As numerous clones as the survival-horror genre spawned, there is still a common denominator between each of them: the sense of solitude. Being alone in the dark is probably the best way to be terrified. The French developers from Hydravision thought differently and tried to implement something new within the well-established genre: two player cooperative gameplay. After a long and twisted production, the team finally gave birth in 2004 to Obscure, the teen-horror video game.
The small company was created by two siblings, a long tradition in French video game industry: Denis & Francois Potentier. Before tackling video games, the company, called JudaProd at the time, mostly conceived tabletop roleplaying games. "Zombies, How to Enjoy Deadly Nights" was a short lived game presenting a strange post-nuclear world where the undead and all sorts of eerie creatures roamed at night. After this small success, the two brothers were able to catch the attention of Microids to finance a video game circa 2000. First designed as Lovecraft-esque story, the project was revamped into a more marketable setting. Heavily influenced by the movie The Faculty, Obscure became a parody of teen-horror movies.
Set in the United States, Leafmore High is a quiet school where students mysteriously disappear from time to time. Unfortunately, one night, basketball prodigy Kenny Matthews spends too much time on campus and ends up discovering the horrible truth. If the player doesn't demonstrate enough skill in this tutorial, the prologue can end up with Kenny being killed by the evil lurking under Leafmore. That's the first innovation of Obscure: anyone can die. The next day, Kenny's friends decide to search for their lost mate by hiding in the building after class. Like most of the French who grew up in the nineties, the writers only source of the American education system seems to come from Saved by the Bell & the Australian series Heartbreak High. The story itself is as cliched as you expect from the prologue: monstrous plants, evil experiments, psychotic teachers and, of course, brainless teenagers. By finding notes here and there, the plot will unravel and even conclude itself in a rather satisfying way.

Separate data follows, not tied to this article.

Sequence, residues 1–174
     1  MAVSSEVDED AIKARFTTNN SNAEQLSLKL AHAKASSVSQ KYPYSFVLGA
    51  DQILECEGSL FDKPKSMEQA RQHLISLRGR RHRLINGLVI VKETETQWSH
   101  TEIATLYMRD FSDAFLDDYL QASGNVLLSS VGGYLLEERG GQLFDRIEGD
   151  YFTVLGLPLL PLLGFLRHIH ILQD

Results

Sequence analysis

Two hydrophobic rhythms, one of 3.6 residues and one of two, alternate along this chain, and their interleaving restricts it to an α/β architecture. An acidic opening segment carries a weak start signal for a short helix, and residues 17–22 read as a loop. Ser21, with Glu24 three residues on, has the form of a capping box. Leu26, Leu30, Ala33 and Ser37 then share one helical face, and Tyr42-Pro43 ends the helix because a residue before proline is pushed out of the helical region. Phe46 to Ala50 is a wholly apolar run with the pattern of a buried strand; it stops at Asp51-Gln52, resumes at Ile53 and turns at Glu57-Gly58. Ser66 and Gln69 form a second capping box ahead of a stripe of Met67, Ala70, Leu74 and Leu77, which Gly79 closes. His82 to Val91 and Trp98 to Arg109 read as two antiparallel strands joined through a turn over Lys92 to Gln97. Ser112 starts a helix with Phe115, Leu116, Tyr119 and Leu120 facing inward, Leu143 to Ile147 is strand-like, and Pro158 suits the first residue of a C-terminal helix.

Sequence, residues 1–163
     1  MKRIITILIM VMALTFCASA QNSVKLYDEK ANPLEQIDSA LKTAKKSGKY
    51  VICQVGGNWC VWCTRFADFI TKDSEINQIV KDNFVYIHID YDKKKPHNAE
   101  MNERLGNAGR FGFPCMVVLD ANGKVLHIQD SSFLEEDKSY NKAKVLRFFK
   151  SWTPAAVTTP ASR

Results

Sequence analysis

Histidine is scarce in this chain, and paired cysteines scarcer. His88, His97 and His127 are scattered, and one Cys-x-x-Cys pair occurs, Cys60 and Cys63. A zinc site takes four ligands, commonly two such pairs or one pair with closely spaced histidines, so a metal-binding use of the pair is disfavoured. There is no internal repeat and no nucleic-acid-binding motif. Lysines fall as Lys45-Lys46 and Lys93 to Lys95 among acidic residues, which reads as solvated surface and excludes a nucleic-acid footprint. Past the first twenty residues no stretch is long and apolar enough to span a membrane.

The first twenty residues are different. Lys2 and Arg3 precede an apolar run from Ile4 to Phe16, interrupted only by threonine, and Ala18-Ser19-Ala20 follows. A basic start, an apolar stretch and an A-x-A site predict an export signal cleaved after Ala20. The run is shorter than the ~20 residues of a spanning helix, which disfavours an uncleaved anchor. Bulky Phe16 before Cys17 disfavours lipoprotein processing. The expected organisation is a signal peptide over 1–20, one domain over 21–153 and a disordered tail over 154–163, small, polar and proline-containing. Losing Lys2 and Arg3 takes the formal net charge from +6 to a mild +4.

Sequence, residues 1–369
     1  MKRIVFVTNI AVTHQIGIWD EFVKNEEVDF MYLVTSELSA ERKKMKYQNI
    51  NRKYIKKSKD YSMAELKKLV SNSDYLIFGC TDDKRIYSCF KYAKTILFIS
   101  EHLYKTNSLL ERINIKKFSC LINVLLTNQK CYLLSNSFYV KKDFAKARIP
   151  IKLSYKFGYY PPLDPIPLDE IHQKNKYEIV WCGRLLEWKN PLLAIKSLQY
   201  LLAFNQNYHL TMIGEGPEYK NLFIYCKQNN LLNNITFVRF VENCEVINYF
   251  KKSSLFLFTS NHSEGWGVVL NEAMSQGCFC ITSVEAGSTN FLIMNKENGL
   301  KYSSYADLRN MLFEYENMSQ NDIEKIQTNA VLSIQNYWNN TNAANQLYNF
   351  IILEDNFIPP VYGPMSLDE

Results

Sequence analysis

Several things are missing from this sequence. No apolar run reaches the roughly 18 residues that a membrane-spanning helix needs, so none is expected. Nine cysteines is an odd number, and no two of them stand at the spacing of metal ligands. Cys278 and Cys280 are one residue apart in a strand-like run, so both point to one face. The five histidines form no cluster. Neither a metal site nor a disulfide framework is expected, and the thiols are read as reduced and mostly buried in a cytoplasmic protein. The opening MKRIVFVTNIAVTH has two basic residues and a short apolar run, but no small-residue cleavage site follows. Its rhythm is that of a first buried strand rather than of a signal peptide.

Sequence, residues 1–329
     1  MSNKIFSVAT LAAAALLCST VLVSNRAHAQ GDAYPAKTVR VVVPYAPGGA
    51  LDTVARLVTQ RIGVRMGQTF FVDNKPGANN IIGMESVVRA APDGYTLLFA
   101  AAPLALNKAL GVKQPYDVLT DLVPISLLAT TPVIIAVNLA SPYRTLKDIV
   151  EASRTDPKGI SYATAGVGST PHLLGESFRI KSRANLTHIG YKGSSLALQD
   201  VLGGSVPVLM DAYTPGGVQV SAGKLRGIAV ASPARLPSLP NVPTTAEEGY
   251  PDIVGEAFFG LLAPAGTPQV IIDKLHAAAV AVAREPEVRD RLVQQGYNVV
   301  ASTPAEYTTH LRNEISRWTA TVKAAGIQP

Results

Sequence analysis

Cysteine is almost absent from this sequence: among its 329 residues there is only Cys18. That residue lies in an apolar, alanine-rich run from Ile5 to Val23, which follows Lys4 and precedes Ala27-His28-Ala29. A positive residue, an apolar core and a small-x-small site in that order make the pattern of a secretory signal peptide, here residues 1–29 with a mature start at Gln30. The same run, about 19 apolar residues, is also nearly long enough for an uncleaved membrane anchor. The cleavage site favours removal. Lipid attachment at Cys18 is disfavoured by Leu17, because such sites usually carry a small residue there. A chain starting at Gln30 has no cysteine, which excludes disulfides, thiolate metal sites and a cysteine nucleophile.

Obscure plays like any classic Resident Evil-style game, except for some salutatory touches like the ability to lock-on enemies and a very loose control on camera angles. The most obvious change is the presence of five playable characters. Each possesses a special power that will prove useful depending on what you need to do. The graphics still hold up pretty well with very nice environments and good character animations.